Is Anybody Really Listening: Pizza with Perez in Youngstown


Ohio has long been seen as a battleground state, up for grabs in most Presidential elections. The state supported winning candidates of both parties for decades. But as the state shifted back and forth, the Mahoning Valley (Mahoning and Trumbull Counties) in Northeastern Ohio remained a Democratic stronghold. If Democratic candidates could garner more than 62% of the vote in this region – as they often did -- they would win the state. In years when Republicans won, the Mahoning Valley still voted for the Democrats, but with less enthusiasm.

Not this time. In the 2016 primaries, a number of Mahoning Valley Democrats changed their party affiliation to vote for Donald J. Trump. Last year’s big shift came from people who had sat out the past few elections but showed up to vote this year. In November, Hillary Clinton won Mahoning County but received less than 50% of the vote. She actually lost in neighboring Trumbull County. She lost Ohio by more than 8 points, the biggest loss of any candidate in the state since Michael Dukakis gave up the state to George H.W. Bush in 1988.

That’s why political operatives and journalists are now paying even more attention to the Youngstown area. Even the Ohio Democratic Party (ODP), which has long counted on the Mahoning Valley, is taking notice of a region they didn’t think they needed to worry about.

In what has become a familiar practice following a series of defeats in recent state-wide elections, the ODP sponsored a “Listening Tour.” On June 12, 2017, the tour came to Youngstown with National Democratic Party Chairperson Tom Perez, who reiterated that Youngstown was a political “bellwether.”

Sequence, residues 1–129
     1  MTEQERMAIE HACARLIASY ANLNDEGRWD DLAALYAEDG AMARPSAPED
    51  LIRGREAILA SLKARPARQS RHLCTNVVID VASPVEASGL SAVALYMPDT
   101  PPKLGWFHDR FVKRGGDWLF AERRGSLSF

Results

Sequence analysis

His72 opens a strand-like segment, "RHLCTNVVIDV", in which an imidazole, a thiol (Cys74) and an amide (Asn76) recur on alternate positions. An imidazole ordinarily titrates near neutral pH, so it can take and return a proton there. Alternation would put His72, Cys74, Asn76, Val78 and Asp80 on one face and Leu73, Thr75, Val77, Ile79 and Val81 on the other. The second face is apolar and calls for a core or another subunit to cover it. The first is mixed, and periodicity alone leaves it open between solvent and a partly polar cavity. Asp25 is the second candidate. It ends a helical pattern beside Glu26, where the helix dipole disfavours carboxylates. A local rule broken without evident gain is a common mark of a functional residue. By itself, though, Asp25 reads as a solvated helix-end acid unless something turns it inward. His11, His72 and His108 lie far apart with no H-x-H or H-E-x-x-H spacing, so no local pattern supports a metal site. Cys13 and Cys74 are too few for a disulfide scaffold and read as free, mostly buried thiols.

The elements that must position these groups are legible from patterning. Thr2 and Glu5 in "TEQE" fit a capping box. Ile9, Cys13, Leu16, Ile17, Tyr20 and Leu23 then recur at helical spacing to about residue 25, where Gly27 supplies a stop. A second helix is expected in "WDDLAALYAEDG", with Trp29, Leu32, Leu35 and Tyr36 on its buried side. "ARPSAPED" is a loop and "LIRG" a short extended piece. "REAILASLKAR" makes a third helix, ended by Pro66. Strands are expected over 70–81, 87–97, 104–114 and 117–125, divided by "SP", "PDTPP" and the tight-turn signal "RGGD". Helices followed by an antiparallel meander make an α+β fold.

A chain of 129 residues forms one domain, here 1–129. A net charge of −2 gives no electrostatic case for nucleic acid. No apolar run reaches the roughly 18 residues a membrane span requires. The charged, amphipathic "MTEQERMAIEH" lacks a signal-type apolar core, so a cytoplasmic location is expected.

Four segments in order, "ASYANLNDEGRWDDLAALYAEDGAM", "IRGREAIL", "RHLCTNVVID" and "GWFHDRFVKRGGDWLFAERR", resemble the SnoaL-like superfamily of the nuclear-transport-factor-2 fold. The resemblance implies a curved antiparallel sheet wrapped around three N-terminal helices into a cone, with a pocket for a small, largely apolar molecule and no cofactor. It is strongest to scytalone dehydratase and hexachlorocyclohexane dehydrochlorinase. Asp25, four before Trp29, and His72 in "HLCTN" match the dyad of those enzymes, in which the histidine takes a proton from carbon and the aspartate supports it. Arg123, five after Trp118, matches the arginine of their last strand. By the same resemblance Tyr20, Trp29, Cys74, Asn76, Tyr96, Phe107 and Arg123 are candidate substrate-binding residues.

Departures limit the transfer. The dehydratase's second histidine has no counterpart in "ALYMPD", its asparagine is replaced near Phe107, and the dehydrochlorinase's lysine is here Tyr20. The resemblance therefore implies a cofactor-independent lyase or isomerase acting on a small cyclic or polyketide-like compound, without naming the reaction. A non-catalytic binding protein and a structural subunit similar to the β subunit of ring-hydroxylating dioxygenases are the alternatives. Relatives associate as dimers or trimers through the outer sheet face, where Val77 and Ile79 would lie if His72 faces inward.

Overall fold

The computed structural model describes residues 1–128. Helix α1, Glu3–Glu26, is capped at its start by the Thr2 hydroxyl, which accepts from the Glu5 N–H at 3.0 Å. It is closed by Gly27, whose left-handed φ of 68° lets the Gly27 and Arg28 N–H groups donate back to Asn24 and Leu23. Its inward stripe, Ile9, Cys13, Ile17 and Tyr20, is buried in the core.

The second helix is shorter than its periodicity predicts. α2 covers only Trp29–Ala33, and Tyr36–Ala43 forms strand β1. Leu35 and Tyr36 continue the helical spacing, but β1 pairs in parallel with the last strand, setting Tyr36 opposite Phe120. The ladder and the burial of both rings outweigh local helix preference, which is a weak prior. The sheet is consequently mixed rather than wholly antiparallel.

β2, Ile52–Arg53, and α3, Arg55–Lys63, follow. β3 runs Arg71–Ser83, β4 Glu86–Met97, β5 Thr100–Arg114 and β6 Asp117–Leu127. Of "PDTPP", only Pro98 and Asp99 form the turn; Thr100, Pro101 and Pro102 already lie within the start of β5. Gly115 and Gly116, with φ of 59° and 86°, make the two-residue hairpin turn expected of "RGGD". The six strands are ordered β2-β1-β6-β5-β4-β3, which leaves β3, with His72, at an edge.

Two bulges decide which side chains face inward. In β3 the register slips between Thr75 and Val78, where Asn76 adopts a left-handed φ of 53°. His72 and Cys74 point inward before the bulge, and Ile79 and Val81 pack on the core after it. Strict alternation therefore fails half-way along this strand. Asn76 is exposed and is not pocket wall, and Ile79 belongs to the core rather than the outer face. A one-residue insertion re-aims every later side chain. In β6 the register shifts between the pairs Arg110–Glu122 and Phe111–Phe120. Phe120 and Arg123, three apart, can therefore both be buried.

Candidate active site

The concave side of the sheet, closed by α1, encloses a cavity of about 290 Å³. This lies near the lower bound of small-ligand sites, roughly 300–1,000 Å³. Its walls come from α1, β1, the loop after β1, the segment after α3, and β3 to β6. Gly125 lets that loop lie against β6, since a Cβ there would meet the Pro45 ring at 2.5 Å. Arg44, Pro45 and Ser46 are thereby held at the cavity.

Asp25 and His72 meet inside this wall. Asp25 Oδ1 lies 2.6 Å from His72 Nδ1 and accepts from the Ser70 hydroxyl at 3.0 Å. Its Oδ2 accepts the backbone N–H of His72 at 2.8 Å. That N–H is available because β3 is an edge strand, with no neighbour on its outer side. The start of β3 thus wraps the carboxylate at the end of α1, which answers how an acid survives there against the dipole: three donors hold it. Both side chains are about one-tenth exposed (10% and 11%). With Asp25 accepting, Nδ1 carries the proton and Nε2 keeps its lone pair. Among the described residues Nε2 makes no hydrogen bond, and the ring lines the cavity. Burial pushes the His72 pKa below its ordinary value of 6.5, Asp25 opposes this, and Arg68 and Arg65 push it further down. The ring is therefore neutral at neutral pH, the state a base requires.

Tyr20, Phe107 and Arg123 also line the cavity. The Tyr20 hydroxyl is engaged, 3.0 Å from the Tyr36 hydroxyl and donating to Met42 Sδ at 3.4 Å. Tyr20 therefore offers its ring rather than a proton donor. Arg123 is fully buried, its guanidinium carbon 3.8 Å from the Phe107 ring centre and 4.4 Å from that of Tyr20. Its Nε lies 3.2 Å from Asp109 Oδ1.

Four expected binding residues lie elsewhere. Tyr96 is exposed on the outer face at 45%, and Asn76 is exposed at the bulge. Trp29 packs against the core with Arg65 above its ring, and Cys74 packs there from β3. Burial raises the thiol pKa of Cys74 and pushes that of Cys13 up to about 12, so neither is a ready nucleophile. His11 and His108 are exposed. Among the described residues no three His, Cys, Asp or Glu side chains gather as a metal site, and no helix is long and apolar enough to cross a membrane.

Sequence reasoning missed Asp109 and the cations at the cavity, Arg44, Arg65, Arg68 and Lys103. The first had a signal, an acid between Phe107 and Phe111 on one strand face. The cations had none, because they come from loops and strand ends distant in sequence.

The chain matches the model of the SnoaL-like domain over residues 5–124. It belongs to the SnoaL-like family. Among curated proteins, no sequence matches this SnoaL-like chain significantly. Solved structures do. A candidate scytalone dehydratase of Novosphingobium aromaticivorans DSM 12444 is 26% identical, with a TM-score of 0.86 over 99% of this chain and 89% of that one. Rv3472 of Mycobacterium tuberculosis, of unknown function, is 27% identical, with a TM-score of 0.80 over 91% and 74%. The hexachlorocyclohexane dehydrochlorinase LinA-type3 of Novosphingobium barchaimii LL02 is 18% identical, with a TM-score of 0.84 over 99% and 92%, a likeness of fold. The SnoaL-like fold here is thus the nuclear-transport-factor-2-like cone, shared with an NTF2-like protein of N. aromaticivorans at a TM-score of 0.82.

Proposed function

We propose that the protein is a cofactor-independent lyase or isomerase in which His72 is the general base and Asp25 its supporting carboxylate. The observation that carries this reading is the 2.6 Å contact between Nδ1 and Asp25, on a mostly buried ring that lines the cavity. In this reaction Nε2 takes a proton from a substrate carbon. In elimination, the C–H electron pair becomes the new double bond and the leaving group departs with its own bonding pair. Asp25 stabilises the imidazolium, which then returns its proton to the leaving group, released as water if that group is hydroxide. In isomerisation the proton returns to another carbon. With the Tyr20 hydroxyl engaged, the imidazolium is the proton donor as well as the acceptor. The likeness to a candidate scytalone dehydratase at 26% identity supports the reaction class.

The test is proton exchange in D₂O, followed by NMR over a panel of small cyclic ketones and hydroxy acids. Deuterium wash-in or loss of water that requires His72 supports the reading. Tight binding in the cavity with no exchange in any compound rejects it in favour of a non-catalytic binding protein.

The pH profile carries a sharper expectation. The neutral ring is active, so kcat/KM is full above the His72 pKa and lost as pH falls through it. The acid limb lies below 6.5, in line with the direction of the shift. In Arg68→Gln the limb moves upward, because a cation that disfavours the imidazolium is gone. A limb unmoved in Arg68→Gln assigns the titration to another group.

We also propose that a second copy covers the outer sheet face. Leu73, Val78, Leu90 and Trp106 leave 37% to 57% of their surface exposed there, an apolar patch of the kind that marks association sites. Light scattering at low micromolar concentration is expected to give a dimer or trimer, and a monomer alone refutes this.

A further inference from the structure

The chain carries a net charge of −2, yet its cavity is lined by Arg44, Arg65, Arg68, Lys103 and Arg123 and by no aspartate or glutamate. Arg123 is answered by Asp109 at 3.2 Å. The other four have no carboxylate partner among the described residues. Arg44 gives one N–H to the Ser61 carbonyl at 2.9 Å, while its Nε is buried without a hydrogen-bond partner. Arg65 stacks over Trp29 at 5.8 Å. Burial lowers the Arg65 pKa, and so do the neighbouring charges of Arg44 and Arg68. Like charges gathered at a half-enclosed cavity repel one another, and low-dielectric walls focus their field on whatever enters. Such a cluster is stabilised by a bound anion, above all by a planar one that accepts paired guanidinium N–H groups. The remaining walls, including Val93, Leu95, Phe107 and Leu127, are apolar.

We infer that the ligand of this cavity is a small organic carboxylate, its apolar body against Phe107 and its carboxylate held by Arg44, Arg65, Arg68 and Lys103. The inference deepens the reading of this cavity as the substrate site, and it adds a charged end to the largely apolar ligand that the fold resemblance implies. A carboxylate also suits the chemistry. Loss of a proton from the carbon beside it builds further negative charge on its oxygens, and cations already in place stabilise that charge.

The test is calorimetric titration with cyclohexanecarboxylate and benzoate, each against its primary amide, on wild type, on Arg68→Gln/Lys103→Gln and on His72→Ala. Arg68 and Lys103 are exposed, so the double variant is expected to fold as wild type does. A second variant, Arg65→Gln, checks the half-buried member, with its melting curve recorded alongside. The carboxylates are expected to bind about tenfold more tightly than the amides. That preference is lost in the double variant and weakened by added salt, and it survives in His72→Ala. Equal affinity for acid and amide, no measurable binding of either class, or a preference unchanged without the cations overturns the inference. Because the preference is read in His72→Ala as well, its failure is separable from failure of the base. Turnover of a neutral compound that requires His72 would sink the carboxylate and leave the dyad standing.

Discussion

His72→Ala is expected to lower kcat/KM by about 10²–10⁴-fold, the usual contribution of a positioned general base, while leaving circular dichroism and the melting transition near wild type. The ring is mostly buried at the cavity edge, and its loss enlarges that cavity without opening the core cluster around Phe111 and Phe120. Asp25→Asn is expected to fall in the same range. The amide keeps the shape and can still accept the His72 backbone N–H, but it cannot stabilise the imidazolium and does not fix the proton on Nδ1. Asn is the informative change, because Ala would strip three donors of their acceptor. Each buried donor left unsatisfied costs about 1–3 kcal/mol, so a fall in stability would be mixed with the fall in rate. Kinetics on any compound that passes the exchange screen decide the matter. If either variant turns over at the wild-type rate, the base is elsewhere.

The event was held at a local pizzeria, Wedgewood Pizza, and billed as “Pizza with Perez.” Approximately 75 attendees, mostly loyal Democratic Party supporters, including a number of local and state politicians, paid $25 to attend the midday event. I paid my $25 to find out whether Party leaders were seriously listening to the concerns of voters and to see how they would react.

What I saw was a typical campaign event, with the audience doing the listening while Democratic operatives touted their positions. After brief introductions by state and local Party chairs David Peppers and David Betras, Perez explained his commitment to Democratic politics by recalling his father’s experience of moving to Buffalo from the Dominican Republic. Perez talked about how the community and especially the labor movement helped his family make a home there. He promised that Democrats could be counted on to speak to hopes and fears of the working class and to fight for working people.

When someone asked about why Democrats had lost the election, Perez criticized Republican social and economic policy, but he also acknowledged several mistakes that the Democratic Party had made during the last campaign. “We could have done a better job of speaking more directly to the pocketbook issues that bring people to the ballot,” he said. Among other things, the Party should have recognized that NAFTA hurt working people and acknowledged its role in that trade bill.